On 10/01/2014 04:31 PM, Chris Friesen wrote:
On 10/01/2014 01:23 PM, Jay Pipes wrote:
On 10/01/2014 03:07 PM, Chris Friesen wrote:
Currently in nova we have the "vm_state", which according to the code
comments is supposed to represent "a VM's current stable (not
transition) state", or "what the customer expect the VM to be".

However, we then added in an ERROR state.  How does this possibly make
sense given the above definition?

Where do you see that vm_state is intended to be "what the customer
expects the VM to be"?

 From nova/compute/vm_states.py:
'vm_state describes a VM's current stable (not transition) state. That
is, if there is no ongoing compute API calls (running tasks), vm_state
should reflect what the customer expect the VM to be.'

Hmm, interesting wording. I wasn't aware of that wiki page and I'm not sure about the freshness of it, but I think what the language is saying is that if a user isn't actively running an action against the server, it should be in the last state a user put it in -- i.e. active, terminated, stopped, paused, etc.

Also, from http://wiki.openstack.org/VMState:
'vm_state reflects the stable state based on API calls, matching user
expectation, revised “top-down” within API implementation.'

Yeah, also awkward wording...

Now granted, the wiki also says 'If the task fails and is not possible
to rollback, the vm_state is set to ERROR.'  I don't particularly like
that behaviour, which is why I'd like to see a separate "actual state".

If we had a task-based system, which is what I am advocating for, you would have a *task* (action) set to an ERROR state, not the VM itself. Which is what I was getting at... the task's history could tell the user what failed about the action, but the state of a VM could continue to be, for example, ACTIVE (or STOPPED or whatever). In the oscomputevnext proposal, I have an ERROR state for virt_state, but you are correct that it doesn't make sense to have one there if you have the history of the failure of an action in the task item history and ERROR isn't really a state of the virtual machine at all, just an operation against one.

I don't think this is all that useful. I think what would be more useful
is changing the Nova API to perform actions against an instance using a
POST /servers/{server_id}/tasks call, allow a user to see a history of
what actions were taken against an instance with a call to GET
/servers/{server_id}/tasks and allow a user to see the progress of a
particular task (say, a rebuild) by calling GET /tasks/{task_id}/items.

Yep, I like that idea.  But I think it's orthogonal to the issue of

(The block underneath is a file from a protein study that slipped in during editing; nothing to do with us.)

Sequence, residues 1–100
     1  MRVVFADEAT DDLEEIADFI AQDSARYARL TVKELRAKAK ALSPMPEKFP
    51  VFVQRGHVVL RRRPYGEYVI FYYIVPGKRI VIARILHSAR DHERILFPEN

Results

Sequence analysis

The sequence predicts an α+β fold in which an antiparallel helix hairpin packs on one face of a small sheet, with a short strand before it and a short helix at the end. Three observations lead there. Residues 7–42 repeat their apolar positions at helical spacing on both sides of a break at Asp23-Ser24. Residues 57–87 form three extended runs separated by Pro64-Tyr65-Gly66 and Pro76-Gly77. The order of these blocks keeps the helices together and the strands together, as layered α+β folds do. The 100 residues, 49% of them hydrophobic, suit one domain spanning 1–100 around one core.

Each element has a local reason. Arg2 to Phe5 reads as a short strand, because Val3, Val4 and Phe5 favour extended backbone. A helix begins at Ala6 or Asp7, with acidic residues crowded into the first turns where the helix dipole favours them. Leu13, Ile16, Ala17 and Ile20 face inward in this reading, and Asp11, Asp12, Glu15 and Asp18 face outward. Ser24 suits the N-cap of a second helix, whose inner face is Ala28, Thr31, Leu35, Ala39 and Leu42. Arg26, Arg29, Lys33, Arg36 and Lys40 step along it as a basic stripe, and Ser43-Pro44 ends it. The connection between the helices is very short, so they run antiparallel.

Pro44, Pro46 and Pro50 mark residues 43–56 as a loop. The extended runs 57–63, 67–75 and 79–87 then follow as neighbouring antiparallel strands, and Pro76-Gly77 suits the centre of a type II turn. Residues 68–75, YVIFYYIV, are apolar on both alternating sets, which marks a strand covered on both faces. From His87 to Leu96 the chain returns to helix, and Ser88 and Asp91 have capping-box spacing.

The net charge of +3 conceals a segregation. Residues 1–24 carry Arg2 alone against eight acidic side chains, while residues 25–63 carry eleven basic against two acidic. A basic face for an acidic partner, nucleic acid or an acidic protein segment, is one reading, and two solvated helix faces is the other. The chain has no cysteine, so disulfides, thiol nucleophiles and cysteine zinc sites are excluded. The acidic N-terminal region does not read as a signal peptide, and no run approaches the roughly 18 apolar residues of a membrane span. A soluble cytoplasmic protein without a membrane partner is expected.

desired vs actual state.  When you start a task it could change the
"desired" state, and when the task completes the "actual" state should
match the "expected state.

Not sure it's necessary to have a desired state on the instance (since that could be derived from the task history), but I see your point about it being orthogonal.

I proposed as much here:


Just curious, where is the equivalent of "evacuate"?

Evacuate is an operator API and IMO is not appropriate to live in the same API as the one used by regular users of a compute service.

Put another way: you don't see an evacuate host API in the EC2 API, do you? I guarantee there *is* such an API, but it's not in the public REST-ish EC2 API that you and I use and may not even be an HTTP API at all.

I talk a little bit more about my opinion on having operator API calls mixed into the same compute control API in my notes on GitHub here, if you're interested:



This would more easily allow for recovery actions, since if the actual
state changes to ERROR (or similar) we would still have the
expected/desired state available for reference when trying to take
recovery actions.

Where would the expected/desired state be stored?  Or is it implicit in
the most recent task attempted for the instance in question?

Right, exactly, it would be implicity in the most recent task attempted.

I think a task-based API and internal system that uses taskflow to
organize related tasks with state machine changes is the best design to
work towards.

I think something like this would certainly be an improvement over what
we have now. That said, I don't see that as mutually exclusive with an
explicit distinction between desired and actual state.  I think having
"nova list" or the dashboard equivalent show both states would be useful.

Sure, fair point.

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